He told reporters he was pursuing a public-records act request to learn more about the incident, which started about 10 minutes after she arrived after 8 p.m.
“In [the police department’s] self-serving timeline of events, there’s no indication as to who that watch commander was that allowed them to start firing bullets and these tear gas bombs,” Pride said. “There’s no indication as to how many times these things were actually fired.”
He said police were “holding all the cards and not showing them to anyone. And that is what we are fighting for. That is what Black Lives Matter means. We don’t have to justify the use of force upon our bodies. It is police who must justify that force.”
In a statement afterward, La Mesa Police Chief Walt Vasquez said he was sincerely thankful that Furcron has been released from the hospital and is able to now heal at home with her family.
“I pray that she has a speedy and full recovery,” he said. “I can assure Ms. Furcron, her family, and the public that this unfortunate incident will be fully investigated, to include an in-depth look at our crowd control practices.”
He added: “The men and women of the La Mesa Police Department work tirelessly to provide quality and professional police services for all members of our
community. Our hope is that we will all come together to heal the wounds, nurture a culture of open communication, and make the City of La Mesa a better and safer place to live.”
In her brief remarks, from a lawn chair, Furcron said:
“My name is Leslie Furcron, and first and foremost I need to thank God for still being up here. And I want to thank all of Grossmont, Sharp Memorial trauma team and [garbled] and Peter and … all the nurses, all of … everyone that was instrumental in me getting where I needed to get.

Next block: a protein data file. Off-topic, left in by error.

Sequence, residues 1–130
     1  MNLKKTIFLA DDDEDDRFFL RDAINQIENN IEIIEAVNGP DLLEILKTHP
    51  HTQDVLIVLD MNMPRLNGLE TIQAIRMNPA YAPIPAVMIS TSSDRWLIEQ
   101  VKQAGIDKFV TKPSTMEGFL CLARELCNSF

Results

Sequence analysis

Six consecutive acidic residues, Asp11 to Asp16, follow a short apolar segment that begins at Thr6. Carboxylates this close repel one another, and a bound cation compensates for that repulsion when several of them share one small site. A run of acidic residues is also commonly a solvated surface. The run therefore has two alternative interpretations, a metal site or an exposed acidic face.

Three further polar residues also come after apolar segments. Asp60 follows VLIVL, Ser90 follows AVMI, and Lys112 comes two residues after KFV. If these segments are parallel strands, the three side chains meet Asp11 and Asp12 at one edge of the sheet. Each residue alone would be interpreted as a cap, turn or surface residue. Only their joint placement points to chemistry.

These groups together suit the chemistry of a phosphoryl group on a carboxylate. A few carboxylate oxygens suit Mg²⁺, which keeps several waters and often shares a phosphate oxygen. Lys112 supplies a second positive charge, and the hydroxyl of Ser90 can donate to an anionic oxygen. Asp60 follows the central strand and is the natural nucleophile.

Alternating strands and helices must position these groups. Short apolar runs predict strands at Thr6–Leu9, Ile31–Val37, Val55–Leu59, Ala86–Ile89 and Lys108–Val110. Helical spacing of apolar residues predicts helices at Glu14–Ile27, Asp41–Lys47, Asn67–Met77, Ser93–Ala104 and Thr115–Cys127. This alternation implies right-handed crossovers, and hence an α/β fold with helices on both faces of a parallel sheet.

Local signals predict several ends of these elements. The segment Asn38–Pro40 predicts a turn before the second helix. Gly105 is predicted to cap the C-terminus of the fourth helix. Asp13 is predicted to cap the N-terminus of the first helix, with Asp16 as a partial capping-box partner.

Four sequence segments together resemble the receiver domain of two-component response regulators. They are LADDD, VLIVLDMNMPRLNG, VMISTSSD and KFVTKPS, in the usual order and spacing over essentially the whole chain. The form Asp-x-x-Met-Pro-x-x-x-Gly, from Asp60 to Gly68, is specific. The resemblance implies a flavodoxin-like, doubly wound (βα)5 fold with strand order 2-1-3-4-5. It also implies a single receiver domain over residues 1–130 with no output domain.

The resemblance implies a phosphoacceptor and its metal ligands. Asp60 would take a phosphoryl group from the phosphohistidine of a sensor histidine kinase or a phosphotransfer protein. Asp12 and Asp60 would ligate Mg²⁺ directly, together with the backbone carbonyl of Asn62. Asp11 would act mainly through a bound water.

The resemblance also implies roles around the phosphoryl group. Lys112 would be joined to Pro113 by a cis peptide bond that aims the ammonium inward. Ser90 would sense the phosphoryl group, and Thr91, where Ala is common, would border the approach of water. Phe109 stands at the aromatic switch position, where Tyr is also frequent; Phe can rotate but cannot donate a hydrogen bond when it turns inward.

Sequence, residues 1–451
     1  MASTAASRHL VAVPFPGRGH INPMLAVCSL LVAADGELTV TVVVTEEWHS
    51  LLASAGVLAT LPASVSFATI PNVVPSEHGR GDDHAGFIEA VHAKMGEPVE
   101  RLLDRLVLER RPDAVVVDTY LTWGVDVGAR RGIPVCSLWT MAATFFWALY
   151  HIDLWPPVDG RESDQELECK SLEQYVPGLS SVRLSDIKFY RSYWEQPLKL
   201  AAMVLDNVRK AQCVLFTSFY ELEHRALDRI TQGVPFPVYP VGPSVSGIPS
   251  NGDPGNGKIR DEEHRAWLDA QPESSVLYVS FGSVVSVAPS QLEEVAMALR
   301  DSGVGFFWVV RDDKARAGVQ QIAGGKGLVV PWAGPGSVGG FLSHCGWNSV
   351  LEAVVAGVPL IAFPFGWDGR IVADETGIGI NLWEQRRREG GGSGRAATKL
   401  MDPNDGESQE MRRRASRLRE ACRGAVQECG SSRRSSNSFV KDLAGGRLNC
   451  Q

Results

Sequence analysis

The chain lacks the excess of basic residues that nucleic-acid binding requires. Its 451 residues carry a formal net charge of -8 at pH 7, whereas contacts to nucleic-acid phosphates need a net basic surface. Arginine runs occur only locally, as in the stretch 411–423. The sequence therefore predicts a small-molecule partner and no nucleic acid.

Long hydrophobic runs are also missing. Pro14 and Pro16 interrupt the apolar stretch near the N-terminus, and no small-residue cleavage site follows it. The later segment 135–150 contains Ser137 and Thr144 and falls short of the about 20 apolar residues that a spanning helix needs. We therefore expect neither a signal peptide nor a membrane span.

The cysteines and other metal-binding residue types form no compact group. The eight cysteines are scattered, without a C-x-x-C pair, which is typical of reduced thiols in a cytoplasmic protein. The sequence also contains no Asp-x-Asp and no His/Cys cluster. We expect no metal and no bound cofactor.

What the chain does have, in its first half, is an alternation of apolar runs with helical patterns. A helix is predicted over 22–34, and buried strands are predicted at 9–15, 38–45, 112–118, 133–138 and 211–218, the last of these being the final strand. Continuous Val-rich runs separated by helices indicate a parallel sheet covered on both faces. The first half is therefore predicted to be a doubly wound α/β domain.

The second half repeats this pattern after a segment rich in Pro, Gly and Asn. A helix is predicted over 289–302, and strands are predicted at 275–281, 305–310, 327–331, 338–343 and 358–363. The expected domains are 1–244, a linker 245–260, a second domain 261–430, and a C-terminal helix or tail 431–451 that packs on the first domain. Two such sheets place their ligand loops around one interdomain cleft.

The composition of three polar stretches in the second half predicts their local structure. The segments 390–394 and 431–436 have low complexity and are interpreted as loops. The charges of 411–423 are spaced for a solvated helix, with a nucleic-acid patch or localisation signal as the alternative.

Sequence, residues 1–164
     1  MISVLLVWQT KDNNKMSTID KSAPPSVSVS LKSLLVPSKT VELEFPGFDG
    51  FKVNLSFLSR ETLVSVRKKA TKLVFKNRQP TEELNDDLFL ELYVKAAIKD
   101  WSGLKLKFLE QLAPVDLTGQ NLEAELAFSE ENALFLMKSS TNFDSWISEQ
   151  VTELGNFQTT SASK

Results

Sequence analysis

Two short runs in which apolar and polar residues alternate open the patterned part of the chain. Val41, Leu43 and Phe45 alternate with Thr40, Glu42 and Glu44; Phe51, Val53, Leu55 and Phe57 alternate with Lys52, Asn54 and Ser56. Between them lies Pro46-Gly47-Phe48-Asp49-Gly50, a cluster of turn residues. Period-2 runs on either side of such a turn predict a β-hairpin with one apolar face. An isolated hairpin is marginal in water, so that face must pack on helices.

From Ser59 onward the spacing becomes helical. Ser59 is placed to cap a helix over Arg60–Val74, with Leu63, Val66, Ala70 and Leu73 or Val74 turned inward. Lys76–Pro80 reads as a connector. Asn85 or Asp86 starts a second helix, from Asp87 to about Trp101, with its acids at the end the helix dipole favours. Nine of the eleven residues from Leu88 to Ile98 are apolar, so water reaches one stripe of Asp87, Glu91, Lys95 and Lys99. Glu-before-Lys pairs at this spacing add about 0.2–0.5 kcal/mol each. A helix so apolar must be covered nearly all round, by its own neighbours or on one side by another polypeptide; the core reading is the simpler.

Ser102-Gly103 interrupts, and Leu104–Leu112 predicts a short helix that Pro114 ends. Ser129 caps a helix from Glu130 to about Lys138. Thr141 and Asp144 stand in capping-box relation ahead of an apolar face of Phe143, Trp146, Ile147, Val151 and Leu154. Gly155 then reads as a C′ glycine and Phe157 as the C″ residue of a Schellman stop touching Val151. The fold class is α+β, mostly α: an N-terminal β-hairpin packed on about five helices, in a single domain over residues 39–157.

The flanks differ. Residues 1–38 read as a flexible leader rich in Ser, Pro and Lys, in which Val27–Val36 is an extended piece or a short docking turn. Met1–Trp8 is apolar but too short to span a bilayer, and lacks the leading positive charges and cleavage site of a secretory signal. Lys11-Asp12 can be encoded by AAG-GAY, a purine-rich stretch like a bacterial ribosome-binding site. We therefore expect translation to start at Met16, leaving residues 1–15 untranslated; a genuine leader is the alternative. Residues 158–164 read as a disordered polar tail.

“I’m a mother of four children, three living, and a grandmother of 13. I’m a productive member of society. I go to San Diego City College. … That’s changed. Working on a bachelor’s degree as a social service worker. … I’m a law-abiding citizen. And I never had came out there that night for this to be a part of my story. I just want to say thank you. I want to thank my family, thank (all those) instrumental in helping me. That’s all.”
Asked how she’s feeling, she replied: “I’m very, very weak.” She said she’s hiring a nurse.
“I’m going to have to have the help to be cared for. … I live here in La Mesa. I’ve been here living in La Mesa or Lemon Grove for three years now. I’ve been going to school since 2014. I’m taking care of my mom. My mom suffers paralysis on her right side. … I’m a God-serving person. I’m a mother and a grandmother. And I’m also a great-grandmother.”
(Registrar of Voters Michael Vu said Thursday that Furcron has a Lemon Grove address, per her voter record.)